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You’re A Good Man Charlie Brown at Bellingham Theatre Guild

Happiness Is by Sandy Hornlocker

The Bellingham Theatre Guild’s 86th Season opener is “You’re A Good Man, Charlie Brown.” The play is based on the Peanuts comic strip produced by Charles Schultz from 1950 to 2000, with music and lyrics written by Clark Gesner. It was first staged off-Broadway in 1967, and had a short one-year run on the Great White Way.

Everyone still loves Peanuts. Smart and funny, quick and clever, this show has more staying power than Rugrats and South Park combined.

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The first time I saw this show I was in high school. The year was 1973, which also happens to be the year director Michelle Kriz was born. Yes, I am old, don’t judge me. The ageless irony and humor that has sustained this musical for over 45 years is deftly captured by Kriz’ creative vision, assisted by more-than-able Heidi Sackerson. What I have come to appreciate most about Kriz when she directs is that her audiences will be presented with something unexpected or surprising, yet familiar and always entertaining.

From the opening number just sit back and enjoy the ride watching these well-known and loved characters, running off and on stage, singing, dancing, regaling us with the World According to Schultz. Charlie Brown is played by Jeremy Loween, the Charlie Brown-i-est Charlie Brown I have ever seen. Charlie’s little sister Sally is embodied by Cary Thomas, who shines when she delivers the funniest and most powerful one-two punch in response to her hanger project for art class. Schroeder is played by TJ Anderson who is always fun to watch on stage, and hearing him sing is always a gift. Les Campbell is Linus, who dances and sings to his blanket so sweetly, it’s as if we are interrupting a private moment. Zoe Bronstein is self-proclaimed Queen and super crabby Lucy, who dominates the second act with a flourish. I loved her as the big sister the most during her rendition of “Little Known Facts.” Thomas Beirne’s credible howl as Snoopy is so enchanting, if I wasn’t allergic to dogs, I might consider getting one, just hoping it could howl as plaintively.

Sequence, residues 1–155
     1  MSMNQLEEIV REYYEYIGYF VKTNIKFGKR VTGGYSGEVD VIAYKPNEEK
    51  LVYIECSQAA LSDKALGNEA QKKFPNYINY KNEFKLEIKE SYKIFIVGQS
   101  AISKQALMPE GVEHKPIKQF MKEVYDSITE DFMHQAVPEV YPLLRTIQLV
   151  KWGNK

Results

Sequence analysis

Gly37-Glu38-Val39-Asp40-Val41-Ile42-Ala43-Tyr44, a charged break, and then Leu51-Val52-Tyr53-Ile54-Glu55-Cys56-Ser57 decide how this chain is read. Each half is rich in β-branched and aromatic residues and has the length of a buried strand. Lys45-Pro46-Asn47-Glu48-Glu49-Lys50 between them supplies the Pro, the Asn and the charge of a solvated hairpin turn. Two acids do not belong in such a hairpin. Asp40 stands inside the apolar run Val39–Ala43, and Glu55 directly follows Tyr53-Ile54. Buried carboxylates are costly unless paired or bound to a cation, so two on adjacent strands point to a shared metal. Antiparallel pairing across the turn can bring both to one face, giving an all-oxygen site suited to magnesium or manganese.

Music Director Steve Barnes never disappoints, and with John Bisceglia and Alex Roemmele, he rounds out his band of three. Barnes consistently brings musicians to the table who, even though they are together for just a short time, produce a tight sound. The choreography was fun and confident, kudos to choreographer Michelle VanLeuwen Ahrens.

Campbell, a man of many hats, designed and painted the set to look just like the Sunday paper opened to the funny pages. He is also the artist behind the projected graphics that appear on the back wall to punctuate the action. Genny Cohn, costumer extraordinaire, has worked her magic.

Lit expertly by Ryan Goelzenleuchter with Dee Dee O’Connor’s assistance and Alan Peet Ballyhoo-ing (making the spotlight dance in figure 8’s on the stage) with the best of them. They are are a stunning backdrop to the on-stage action.

All of the on-off-who’s-in-who’s-out action of the comic strip keeps moving without a hitch, thanks to stage manager Brittany Sterling.

Kriz and company have created this live-action cartoon strip for your complete pleasure on the BTG stage, appropriate for audiences from 4 to 104. Don’t miss your chance to see your favorite characters come to life.

7:30 pm shows: Sept. 26, 27, Oct. 2, 3, 4, 9, 10, 11
2:00 pm matinees: Sept. 28, Oct. 5, 12
Ticket Prices $14 Adults | $12 Seniors/Students | $8 Children
Ticket Office Phone 360-733-1811
Hours 1 to 6 pm, Tuesdays through Saturdays
1600 H Street, Bellingham